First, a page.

I. BATTLE FOR A BETTER BUTTER
In 1766—one hundred and thirty years after its founding—Harvard hosted the first recorded student protest in American history: a protest against butter. For decades, the quality of food in the College’s dining halls had been sharply declining. The student’s complaints about the food and particularly about the sourness of the butter fell lamely upon the ears of the College president, Edward Holyoke, Class of 1705.
So, on September 23, Asa Dunbar of the Class of 1767—the grandfather of Henry David Thoreau—mounted his chair and proclaimed: “Behold, our butter stinketh!—Give us, therefore, butter that stinketh not.” The majority of the student body heartily accepted this as their motto and echoed it over the course of the next month as the protests of the Great Butter Rebellion ensued.
In a fit of displeasure, President Holyoke demanded that the students turn in the instigators of the protest—along with Dunbar, the rabble-rousers included the entirety of the “Sons of Harvard,” a student offshoot of the “Sons of Liberty.” Since no student confessed, President Holyoke decided to suspend over half of the student body in hopes that someone would fess up. But again the students maintained their solidarity and said nothing.
Eventually the Board of Overseers stepped in, readmitting the suspended students and replacing the butter. Yet two years later, the dining hall food worsened again and the protests resumed with more aggression and fewer returns.
Following the Great Butter Rebellion, culinary remonstrations became a central component of Harvard’s protest culture, from the Bread and Butter Rebellion of 1805 through the Cabbage Rebellion of 1807 to the “Rebelliad” insurrection of 1819.
II. LIFE, LIBERTY, AND CABBAGE
The Cabbage Rebellion began after maggots kept showing up in the student’s cabbage soup. The disgruntled vegetable enthusiasts assembled under a tree at the end of Hollis Hall, which would later be called “Rebellion Elm.” The bedraggled students supplicated for better food, but following the suspension of 17 students, the unavailing protest ended in vain.
In 1819 a new generation of students returned to “Rebellion Elm” to make their own demands. Fed up with being poorly fed, the entire sophomore class dropped out of Harvard in the hope that doing so would spur some indignation among the administration. It didn’t and the defected students had to ask to be readmitted; only some were allowed.
These events would later be recounted as a parody epic poem of four cantos entitled “Rebelliad; or Terrible Transactions at the Seat of the Muses.” The poem was privately published and widely distributed among students. The conclusion to the prologue of the poem reads:
The combat deepens. On, ye brave,
And let the cooks the pieces save!
Wave, Goodies, all you besoms wave!
Inspire their souls with chivalry.
Ah! few shall part where many meet
With anything but blows to eat,
And every dish beneath their feet
Shall be a supper’s sepulchre.
Such literary wit returned, foodless, in the fall of May 1952, just as things were getting political. Students gathered in the Yard to campaign for the comic strip character Pogo as a candidate for president. The students mocked Dwight D. Eisenhower’s “I Like Ike!” slogan with their own chant of “I Go Pogo.” The rally soon turned violent and the Cambridge city police arrested 28 students, all of whom were later released.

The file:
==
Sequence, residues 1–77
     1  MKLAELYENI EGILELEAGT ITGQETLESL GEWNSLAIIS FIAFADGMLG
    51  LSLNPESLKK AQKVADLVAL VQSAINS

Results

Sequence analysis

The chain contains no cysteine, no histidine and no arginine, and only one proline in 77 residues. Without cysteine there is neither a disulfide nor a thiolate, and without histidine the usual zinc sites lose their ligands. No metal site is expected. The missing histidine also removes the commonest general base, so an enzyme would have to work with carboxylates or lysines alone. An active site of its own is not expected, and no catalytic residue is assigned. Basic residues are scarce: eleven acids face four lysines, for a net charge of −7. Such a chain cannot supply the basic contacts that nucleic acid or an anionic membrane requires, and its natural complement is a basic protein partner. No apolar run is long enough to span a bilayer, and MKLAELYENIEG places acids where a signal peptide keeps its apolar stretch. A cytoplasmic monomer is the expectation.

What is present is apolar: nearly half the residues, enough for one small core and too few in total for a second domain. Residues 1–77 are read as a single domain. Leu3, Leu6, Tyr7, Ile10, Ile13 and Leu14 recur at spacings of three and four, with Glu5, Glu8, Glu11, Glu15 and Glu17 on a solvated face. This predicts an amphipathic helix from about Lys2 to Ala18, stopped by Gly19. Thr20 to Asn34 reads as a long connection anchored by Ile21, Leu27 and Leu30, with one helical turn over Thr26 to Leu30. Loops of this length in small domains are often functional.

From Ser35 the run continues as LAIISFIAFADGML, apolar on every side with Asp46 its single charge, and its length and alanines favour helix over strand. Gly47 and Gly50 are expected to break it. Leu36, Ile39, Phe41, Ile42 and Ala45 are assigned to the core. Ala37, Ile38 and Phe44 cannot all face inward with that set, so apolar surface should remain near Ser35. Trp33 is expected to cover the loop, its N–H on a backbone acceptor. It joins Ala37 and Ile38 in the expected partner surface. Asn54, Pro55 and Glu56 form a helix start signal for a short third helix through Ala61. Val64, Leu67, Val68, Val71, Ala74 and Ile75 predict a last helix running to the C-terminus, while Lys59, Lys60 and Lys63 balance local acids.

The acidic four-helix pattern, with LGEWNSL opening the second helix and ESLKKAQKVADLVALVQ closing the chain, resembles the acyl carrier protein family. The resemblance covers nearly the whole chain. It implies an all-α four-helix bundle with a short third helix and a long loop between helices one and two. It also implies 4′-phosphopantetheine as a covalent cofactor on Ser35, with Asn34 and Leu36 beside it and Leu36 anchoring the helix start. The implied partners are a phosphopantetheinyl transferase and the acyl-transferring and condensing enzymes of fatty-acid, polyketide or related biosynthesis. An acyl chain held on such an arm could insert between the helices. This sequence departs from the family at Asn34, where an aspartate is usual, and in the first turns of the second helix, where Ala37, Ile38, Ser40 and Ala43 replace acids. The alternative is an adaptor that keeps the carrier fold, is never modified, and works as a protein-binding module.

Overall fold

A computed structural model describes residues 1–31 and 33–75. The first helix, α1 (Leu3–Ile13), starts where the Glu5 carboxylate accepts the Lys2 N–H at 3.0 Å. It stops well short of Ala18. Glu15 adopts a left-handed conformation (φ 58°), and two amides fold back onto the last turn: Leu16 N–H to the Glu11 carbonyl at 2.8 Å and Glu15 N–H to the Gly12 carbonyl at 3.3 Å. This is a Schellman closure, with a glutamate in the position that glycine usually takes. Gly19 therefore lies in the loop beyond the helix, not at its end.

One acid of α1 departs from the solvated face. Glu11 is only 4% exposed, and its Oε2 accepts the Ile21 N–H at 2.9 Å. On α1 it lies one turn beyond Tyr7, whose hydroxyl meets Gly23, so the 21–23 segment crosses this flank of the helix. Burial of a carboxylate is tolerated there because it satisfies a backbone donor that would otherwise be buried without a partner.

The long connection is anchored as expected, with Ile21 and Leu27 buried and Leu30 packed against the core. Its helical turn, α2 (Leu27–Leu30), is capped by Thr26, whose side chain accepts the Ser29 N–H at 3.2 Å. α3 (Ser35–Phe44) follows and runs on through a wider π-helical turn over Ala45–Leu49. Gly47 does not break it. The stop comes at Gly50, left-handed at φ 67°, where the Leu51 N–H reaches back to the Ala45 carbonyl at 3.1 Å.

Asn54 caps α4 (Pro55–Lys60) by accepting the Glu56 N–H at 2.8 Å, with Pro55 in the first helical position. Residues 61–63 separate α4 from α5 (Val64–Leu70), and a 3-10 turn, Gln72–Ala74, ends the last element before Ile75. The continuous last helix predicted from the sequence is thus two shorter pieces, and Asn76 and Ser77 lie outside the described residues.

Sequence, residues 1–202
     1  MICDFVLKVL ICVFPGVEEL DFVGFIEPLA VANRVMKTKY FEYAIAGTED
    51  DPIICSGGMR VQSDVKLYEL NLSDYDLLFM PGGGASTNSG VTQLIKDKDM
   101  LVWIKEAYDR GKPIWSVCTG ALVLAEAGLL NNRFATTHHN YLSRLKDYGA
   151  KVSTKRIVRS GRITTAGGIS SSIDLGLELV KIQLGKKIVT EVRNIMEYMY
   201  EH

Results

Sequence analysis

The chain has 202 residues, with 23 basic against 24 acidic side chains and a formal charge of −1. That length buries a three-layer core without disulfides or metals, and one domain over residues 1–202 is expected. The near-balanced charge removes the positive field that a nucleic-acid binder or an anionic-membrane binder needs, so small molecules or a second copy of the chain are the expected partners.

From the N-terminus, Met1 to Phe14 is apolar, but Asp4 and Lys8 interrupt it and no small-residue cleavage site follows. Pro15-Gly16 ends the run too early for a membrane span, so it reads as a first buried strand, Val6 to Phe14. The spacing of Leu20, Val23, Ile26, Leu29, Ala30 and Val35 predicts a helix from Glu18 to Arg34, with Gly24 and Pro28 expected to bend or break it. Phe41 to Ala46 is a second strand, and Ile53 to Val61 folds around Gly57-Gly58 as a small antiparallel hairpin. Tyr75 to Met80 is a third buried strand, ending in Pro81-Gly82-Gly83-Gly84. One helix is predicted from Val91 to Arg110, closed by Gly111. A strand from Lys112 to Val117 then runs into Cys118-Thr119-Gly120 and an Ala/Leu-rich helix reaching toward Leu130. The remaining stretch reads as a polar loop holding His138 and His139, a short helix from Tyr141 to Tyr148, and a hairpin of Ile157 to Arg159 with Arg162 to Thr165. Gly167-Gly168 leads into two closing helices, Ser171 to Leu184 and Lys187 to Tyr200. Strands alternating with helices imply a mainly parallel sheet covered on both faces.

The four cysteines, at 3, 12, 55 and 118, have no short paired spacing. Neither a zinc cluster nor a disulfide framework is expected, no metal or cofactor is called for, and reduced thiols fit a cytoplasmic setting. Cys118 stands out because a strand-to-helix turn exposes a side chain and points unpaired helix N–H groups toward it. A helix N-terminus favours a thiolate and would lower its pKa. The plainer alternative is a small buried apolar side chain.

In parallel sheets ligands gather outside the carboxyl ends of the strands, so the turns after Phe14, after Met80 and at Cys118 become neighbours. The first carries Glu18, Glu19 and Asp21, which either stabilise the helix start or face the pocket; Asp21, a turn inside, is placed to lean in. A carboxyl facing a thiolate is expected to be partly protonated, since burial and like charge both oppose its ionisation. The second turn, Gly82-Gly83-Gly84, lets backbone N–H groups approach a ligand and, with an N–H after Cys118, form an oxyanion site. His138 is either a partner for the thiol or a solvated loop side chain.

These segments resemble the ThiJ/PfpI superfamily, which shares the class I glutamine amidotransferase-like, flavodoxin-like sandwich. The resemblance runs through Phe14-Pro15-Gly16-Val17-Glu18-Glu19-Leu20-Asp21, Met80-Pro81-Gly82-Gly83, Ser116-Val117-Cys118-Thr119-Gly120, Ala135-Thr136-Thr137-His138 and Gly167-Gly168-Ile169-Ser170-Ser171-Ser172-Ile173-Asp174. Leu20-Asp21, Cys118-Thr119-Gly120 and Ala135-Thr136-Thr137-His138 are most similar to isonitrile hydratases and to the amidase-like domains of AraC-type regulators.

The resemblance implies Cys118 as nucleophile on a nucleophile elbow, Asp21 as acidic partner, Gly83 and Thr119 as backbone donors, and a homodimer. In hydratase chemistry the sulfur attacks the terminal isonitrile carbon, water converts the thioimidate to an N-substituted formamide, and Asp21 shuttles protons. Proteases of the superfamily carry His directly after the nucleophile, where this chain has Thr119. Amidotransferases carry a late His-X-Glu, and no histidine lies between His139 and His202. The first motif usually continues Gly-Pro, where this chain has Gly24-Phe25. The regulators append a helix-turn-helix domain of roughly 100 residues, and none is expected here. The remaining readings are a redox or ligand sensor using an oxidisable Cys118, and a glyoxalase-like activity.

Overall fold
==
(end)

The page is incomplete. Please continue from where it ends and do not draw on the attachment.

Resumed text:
And then, of course, there was Vietnam. In 1969, Harvard students took over University Hall in opposition to the escalating war in Vietnam. During previous bouts of war, such as World War I and World War II, there had been limited pacifist protests, which often faded dimly as the United States became more involved in the war. This time, however, the students were less patient.
The protest was led by the Harvard chapter of Students for a Democratic Society. Members of the group led about 300 students to the home of Harvard’s President, Nathan M. Pusey ’28, and tacked a list of demands to the door. The students targeted Harvard’s Reserve Officers’ Training Corps (ROTC). Among the demands, they wanted ROTC to be dissolved and they wanted alternative scholarships for students enrolled in ROTC.
The students then crowded into University Hall and chained the doors shut. They pledged to only use nonviolent disobedience, but the University administrators decided to call in the city and state police: with clubs and mace, the police quickly broke up the rally and arrested over 100 students, but the protest did not end without reprieve.
The tenacious students moved to Memorial Church, now joined by outraged faculty. After an extended strike and a boycott of classes, the University eventually caved to the protestors’ demands.
The spirit of Vietnam was echoed in 2001, when nearly 50 students from the Progressive Student Labor Movement (PSLM) began a sit-in at Mass. Hall, pleading the administration for a “living wage” for University workers. “I think it’ll work,” one worker told The Crimson as he marched. “It’s worked in the past.” Later that year, Harvard began renegotiating contracts with its workers and raised most wages above the Cambridge living wage level.
Harvard students still take part in protests: pickets for labor rights, rallies for environmental protection, marches for the LGBT movement, and now the occupation of Wall Street and Boston. There will always different causes, met with different amounts of fervor or apathy—but it seems the rancid taste of butter lingers still in the mouths of Harvard youth.